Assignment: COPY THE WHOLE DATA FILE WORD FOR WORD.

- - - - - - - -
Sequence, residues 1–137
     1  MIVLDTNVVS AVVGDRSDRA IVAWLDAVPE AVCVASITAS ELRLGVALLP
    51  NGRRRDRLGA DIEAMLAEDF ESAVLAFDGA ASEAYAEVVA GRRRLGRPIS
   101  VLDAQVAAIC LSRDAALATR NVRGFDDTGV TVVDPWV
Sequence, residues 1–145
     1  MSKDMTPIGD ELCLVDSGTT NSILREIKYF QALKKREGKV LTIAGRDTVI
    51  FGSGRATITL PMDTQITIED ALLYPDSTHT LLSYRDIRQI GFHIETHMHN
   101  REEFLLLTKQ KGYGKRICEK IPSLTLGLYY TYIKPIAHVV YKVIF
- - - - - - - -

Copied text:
Sequence, residues 1–137
     1  MIVLDTNVVS AVVGDRSDRA IVAWLDAVPE AVCVASITAS ELRLGVALLP
    51  NGRRRDRLGA DIEAMLAEDF ESAVLAFDGA ASEAYAEVVA GRRRLGRPIS
   101  VLDAQVAAIC LSRDAALATR NVRGFDDTGV TVVDPWV
Sequence, residues 1–145
     1  MSKDMTPIGD ELCLVDSGTT NSILREIKYF QALKKREGKV LTIAGRDTVI
    51  FGSGRATITL PMDTQITIED ALLYPDSTHT LLSYRDIRQI GFHIETHMHN
   101  REEFLLLTKQ KGYGKRICEK IPSLTLGLYY TYIKPIAHVV YKVIF